View details for DOI 10.1007/s00246-016-1546-9
View details for PubMedID 28005156
Incidence, risk factors, and outcomes of acute kidney injury in adults undergoing surgery for congenital heart disease.
Cardiology in the young
Acute kidney injury after cardiac surgery is a frequent and serious complication among children with congenital heart disease (CHD) and adults with acquired heart disease; however, the significance of kidney injury in adults after congenital heart surgery is unknown. The primary objective of this study was to determine the incidence of acute kidney injury after surgery for adult CHD. Secondary objectives included determination of risk factors and associations with clinical outcomes.This single-centre, retrospective cohort study was performed in a quaternary cardiovascular ICU in a paediatric hospital including all consecutive patients ⩾18 years between 2010 and 2013.Data from 118 patients with a median age of 29 years undergoing cardiac surgery were analysed. Using Kidney Disease: Improving Global Outcome creatinine criteria, 36% of patients developed kidney injury, with 5% being moderate to severe (stage 2/3). Among higher-complexity surgeries, incidence was 59%. Age ⩾35 years, preoperative left ventricular dysfunction, preoperative arrhythmia, longer bypass time, higher Risk Adjustment for Congenital Heart Surgery-1 category, and perioperative vancomycin use were significant risk factors for kidney injury development. In multivariable analysis, age ⩾35 years and vancomycin use were significant predictors. Those with kidney injury were more likely to have prolonged duration of mechanical ventilation and cardiovascular ICU stay in the univariable regression analysis.We demonstrated that acute kidney injury is a frequent complication in adults after surgery for CHD and is associated with poor outcomes. Risk factors for development were identified but largely not modifiable. Further investigation within this cohort is necessary to better understand the problem of kidney injury.
View details for PubMedID 27869053
Practice Patterns in Postoperative Echocardiographic Surveillance after Congenital Heart Surgery in Children: A Single Center Experience.
journal of pediatrics
To review current institutional practice and describe factors contributing to variation in inpatient postoperative imaging surveillance after congenital heart surgery.We reviewed records of all children who underwent congenital heart surgery from June to December 2014. Number and primary indications for postoperative transthoracic echocardiograms (TTEs), providers involved, cardiovascular intensive care unit (CVICU) and total hospital length of stay, and Risk-Adjustment for Congenital Heart Surgery-1 scores were recorded.A total of 253 children (age at surgery: 8 months [2 days-19 years]) received 556 postoperative TTEs (median 1 TTE/patient [1-14]), and 23% had ≥3 TTEs. Fifteen of 556 TTEs (2.7%) revealed a new abnormal finding. The majority of TTEs (59%) were performed in the CVICU (1.5 ± 1.1 TTEs/week/patient), with evaluation of function as the most common indication (44%). Attending physician practice >10 years was not associated with fewer TTEs (P = .12). Patients with ≥3 TTEs had higher Risk-Adjustment for Congenital Heart Surgery-1 scores (P = .001), longer CVICU lengths of stay (22 vs 3 days; P < .0001), longer overall hospitalizations (28 vs 7 days; P < .0001), and a higher incidence of mechanical circulatory support (10% vs 0%; P < .0001) than those with <3 TTEs. Eight patients with ≥3 TTEs did not survive, compared with 3 with <3 TTEs (P = .0004).There was wide intra-institutional variation in echocardiographic use among similar complexity surgeries. Frequency of postoperative echocardiographic surveillance was associated with degree of surgical complexity and severity of postoperative clinical condition. Few studies revealed new abnormal findings. These results may help establish evidence-based guidelines for inpatient echocardiographic surveillance after congenital heart surgery.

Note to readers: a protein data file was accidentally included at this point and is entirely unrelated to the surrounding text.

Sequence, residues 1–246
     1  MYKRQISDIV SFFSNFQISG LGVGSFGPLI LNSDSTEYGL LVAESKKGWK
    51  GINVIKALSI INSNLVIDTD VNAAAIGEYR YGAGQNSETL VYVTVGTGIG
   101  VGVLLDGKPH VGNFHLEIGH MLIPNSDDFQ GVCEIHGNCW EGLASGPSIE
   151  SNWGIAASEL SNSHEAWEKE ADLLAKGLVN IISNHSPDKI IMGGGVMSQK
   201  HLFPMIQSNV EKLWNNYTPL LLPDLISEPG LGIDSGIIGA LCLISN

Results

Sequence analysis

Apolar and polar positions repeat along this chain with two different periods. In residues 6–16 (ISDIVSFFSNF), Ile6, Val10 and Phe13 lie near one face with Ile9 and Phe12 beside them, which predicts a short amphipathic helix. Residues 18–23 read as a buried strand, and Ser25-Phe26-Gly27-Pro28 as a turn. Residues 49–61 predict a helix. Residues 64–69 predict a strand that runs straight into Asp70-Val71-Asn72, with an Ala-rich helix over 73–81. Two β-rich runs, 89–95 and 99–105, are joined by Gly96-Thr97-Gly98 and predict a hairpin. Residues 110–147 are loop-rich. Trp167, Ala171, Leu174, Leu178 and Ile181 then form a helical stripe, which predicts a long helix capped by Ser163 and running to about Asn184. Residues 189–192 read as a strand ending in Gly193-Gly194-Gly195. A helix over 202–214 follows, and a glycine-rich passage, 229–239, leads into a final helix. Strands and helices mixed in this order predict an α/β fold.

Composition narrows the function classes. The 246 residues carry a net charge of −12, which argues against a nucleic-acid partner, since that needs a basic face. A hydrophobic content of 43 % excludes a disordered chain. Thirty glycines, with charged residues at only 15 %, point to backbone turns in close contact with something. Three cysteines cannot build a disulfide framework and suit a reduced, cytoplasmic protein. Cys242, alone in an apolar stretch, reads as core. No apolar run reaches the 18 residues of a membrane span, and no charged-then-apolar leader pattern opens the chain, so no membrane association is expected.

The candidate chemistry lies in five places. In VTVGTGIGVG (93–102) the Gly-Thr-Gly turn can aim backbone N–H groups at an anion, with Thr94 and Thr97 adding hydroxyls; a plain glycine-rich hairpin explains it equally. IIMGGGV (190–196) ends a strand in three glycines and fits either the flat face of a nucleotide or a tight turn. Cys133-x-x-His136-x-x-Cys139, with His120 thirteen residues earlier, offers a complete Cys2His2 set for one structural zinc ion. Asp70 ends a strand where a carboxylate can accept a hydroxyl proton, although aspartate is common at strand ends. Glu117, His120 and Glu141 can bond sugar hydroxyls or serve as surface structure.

View details for DOI 10.1016/j.jpeds.2016.09.061
View details for PubMedID 28029346
Acute Kidney Injury in Patients Undergoing the Extracardiac Fontan Operation With and Without the Use of Cardiopulmonary Bypass.